In many practical applications of boundary elements, the potential problems may be nonlinear. The use of Kirchoff's transform provides an approach to convert a nonlinear material problem into a linear one. A description of several different shape functions to define the conductivity is presented. Attention is given to the type of integral equations which are obtained if the Kirchoff's transform is applied for nonlinear material in the presence of mixed boundary conditions. The integral formulation for nonlinear radiation boundary conditions with and without potential dependent conductivity is also considered. For steady heat conduction problems with constant conductivity a boundary integral equation relating boundary values for temperatures (or potentials) and its normal derivatives over the boundary can be obtained. Applications which concern the solution of steady state conduction problems are investigated. The problems are related to a hollow cylinder, a nuclear reactor pressure vessel, and an industrial furnace.

  16. Development of adolescent problem behavior.

    PubMed

    Ary, D V; Duncan, T E; Biglan, A; Metzler, C W; Noell, J W; Smolkowski, K

    1999-04-01

    The developmental model of adolescent antisocial behavior advanced by Patterson and colleagues (e.g., Patterson, Reid, & Dishion, 1992) appears to generalize the development of a diverse set of problem behaviors. Structural equation modeling methods were applied to 18-month longitudinal data from 523 adolescents. The problem behavior construct included substance use, antisocial behavior, academic failure, and risky sexual behavior. Families with high levels of conflict were less likely to have high levels of parent-child involvement. Such family conditions resulted in less adequate parental monitoring of adolescent behavior, making associations with deviant peers more likely. Poor parental monitoring and associations with deviant peers were strong predictors of engagement in problem behavior. These constructs accounted for 46% of the variance in problem behavior. Although association with deviant peers was the most proximal social influence on problem behavior, parental monitoring and family factors (conflict and involvement) were key parenting practices that influenced this developmental process. PMID:10400060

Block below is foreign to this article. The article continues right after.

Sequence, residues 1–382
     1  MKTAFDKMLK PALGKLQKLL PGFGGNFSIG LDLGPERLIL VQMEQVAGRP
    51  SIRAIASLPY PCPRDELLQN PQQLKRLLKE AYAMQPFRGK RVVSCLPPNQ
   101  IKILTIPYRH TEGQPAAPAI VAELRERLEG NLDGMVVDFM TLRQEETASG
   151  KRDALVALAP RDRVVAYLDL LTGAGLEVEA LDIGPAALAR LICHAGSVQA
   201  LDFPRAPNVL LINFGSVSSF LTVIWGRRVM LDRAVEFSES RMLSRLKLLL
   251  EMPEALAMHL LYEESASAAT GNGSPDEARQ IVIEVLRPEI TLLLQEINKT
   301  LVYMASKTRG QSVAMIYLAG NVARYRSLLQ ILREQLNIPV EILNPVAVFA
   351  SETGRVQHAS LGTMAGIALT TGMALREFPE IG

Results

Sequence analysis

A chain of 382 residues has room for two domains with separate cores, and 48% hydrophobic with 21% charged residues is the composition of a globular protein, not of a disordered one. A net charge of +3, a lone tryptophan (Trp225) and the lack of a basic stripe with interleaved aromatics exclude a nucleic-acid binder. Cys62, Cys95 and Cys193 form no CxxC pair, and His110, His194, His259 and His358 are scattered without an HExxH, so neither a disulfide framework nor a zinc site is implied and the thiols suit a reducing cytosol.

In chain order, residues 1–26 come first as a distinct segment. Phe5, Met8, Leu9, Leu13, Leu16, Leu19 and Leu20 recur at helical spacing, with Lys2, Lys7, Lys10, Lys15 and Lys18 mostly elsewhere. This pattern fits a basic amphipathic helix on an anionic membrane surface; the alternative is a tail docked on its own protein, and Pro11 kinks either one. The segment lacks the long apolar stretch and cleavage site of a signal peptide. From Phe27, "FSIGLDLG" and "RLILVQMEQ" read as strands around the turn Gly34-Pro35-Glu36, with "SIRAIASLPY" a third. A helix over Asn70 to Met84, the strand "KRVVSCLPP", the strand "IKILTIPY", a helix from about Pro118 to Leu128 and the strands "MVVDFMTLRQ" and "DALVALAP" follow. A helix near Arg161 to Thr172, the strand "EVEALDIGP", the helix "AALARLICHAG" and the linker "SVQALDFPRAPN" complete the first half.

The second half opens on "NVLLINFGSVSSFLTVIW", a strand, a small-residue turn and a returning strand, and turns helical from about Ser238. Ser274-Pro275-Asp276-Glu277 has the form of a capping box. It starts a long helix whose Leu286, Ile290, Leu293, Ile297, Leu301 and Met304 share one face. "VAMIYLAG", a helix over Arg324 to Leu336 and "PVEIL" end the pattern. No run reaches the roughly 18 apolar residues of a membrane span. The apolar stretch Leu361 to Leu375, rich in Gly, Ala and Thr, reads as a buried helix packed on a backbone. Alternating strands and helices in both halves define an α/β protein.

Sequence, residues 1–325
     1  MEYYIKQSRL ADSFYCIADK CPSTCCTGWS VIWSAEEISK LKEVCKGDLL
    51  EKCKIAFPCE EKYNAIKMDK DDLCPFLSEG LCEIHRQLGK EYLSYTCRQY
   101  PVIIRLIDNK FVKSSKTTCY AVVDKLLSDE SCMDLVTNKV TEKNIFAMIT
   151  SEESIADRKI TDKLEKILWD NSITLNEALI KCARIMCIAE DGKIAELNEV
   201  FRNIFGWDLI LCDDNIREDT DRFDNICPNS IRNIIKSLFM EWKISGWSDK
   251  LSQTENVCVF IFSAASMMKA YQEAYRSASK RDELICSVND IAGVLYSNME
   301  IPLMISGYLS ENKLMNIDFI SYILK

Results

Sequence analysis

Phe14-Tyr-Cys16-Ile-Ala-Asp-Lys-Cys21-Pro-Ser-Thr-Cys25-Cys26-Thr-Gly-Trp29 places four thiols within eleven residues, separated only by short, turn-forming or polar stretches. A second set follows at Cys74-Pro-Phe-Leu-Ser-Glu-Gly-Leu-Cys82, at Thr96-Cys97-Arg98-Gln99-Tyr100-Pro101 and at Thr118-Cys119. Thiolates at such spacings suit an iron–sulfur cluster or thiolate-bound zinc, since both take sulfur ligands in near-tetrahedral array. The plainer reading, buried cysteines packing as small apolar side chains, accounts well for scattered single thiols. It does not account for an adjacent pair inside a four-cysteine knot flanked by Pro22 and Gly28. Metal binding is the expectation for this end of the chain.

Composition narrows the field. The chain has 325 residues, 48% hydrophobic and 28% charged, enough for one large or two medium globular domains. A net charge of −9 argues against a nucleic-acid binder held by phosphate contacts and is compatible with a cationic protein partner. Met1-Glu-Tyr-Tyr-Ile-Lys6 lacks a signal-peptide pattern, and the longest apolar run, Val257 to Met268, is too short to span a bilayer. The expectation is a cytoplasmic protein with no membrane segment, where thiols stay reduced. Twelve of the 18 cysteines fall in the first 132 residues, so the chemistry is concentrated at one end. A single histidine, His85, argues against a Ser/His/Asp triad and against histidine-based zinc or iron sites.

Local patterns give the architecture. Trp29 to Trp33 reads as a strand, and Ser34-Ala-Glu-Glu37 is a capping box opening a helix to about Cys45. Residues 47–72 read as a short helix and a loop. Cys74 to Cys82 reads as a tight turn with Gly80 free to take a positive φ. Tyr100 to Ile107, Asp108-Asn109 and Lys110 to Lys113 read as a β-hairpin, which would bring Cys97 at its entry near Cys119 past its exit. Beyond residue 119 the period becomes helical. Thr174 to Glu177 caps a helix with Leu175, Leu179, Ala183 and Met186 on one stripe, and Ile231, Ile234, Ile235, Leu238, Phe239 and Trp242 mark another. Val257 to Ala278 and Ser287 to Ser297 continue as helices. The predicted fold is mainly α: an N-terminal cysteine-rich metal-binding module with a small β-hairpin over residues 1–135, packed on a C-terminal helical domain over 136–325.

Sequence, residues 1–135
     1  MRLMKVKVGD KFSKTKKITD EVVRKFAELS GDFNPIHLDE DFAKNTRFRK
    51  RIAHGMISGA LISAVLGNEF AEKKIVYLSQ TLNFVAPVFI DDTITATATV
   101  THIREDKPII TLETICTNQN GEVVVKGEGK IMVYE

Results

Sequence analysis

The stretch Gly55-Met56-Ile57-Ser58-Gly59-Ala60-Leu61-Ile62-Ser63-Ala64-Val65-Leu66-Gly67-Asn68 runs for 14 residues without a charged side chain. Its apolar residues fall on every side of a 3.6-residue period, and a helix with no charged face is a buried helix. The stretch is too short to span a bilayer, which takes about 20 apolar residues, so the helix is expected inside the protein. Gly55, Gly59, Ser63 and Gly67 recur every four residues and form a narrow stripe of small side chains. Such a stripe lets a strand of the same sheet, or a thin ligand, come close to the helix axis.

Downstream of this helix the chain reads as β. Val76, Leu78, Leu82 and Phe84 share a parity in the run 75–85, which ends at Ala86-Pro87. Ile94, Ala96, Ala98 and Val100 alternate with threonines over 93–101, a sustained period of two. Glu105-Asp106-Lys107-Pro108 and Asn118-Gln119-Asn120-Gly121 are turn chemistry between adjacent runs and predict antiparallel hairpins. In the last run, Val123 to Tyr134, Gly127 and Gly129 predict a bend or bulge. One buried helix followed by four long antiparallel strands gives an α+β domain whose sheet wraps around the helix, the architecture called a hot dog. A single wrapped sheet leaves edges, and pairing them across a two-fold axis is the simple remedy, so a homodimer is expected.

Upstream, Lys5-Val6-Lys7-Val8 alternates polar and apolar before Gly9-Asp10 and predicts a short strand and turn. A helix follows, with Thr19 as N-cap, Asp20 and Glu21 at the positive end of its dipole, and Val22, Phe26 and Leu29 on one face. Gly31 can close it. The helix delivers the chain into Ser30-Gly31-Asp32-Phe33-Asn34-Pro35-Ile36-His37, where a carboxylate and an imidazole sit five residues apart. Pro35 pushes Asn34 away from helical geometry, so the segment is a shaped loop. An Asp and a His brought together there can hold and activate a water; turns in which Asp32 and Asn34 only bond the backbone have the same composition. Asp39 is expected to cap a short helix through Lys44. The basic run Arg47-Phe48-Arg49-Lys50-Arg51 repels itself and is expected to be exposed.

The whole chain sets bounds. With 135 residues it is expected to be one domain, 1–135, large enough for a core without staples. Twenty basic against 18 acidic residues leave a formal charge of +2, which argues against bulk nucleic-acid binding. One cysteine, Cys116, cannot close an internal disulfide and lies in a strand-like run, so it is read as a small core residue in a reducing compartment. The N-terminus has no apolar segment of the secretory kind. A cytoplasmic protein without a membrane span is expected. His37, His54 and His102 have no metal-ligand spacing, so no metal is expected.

17. 30 Years of Wahba's Problem

    NASA Technical Reports Server (NTRS)

    Markley, F. Landis

    1999-01-01

    This article discusses a problem proposed by Grace Wahba: Find the orthogonal matrix A with determinant +1 that minimizes the loss function L(A) is identical with the 1/2(summation from i( a(sub i) * absolute value of (b(sub i)- Ar(sub i))squared). where {b(sub i)} is a set of unit vectors measured in a spacecraft's body frame, {r(sub i)} e the corresponding unit vectors in a reference frame and {a(sub i) are non-negative weights). The orthogonal Procrustes problem is to find the orthogonal matrix A that is closest to B in the sense of the Fobenius norm, so that Wahba's Problem is equivalent to the orthogonal Procrustes problem with the provision that the determinant of A must be +1. The article reviews various solutions to this problem and the implementations of the various solutions.

  18. Generating Problems from Problems and Solutions from Solutions

    ERIC Educational Resources Information Center

    Arcavi, Abraham; Resnick, Zippora

    2008-01-01

    This article describes a geometrical solution to a problem that is usually solved geometrically as an example of how alternative solutions may enrich the teaching and learning of mathematics. (Contains 11 figures.)

  19. Problem solving stages in the five square problem.

    PubMed

    Fedor, Anna; Szathmáry, Eörs; Öllinger, Michael

    2015-01-01

    According to the restructuring hypothesis, insight problem solving typically progresses through consecutive stages of search, impasse, insight, and search again for someone, who solves the task. The order of these stages was determined through self-reports of problem solvers and has never been verified behaviorally. We asked whether individual analysis of problem solving attempts of participants revealed the same order of problem solving stages as defined by the theory and whether their subjective feelings corresponded to the problem solving stages they were in. Our participants tried to solve the Five-Square problem in an online task, while we recorded the time and trajectory of their stick movements. After the task they were asked about their feelings related to insight and some of them also had the possibility of reporting impasse while working on the task. We found that the majority of participants did not follow the classic four-stage model of insight, but had more complex sequences of problem solving stages, with search and impasse recurring several times. This means that the classic four-stage model is not sufficient to describe variability on the individual level. We revised the classic model and we provide a new model that can generate all sequences found. Solvers reported insight more often than non-solvers and non-solvers reported impasse more often than solvers, as expected; but participants did not report impasse more often during behaviorally defined impasse stages than during other stages. This shows that impasse reports might be unreliable indicators of impasse. Our study highlights the importance of individual analysis of problem solving behavior to verify insight theory. PMID:26300794

  20. Problem solving stages in the five square problem

    PubMed Central

    Fedor, Anna; Szathmáry, Eörs; Öllinger, Michael

    2015-01-01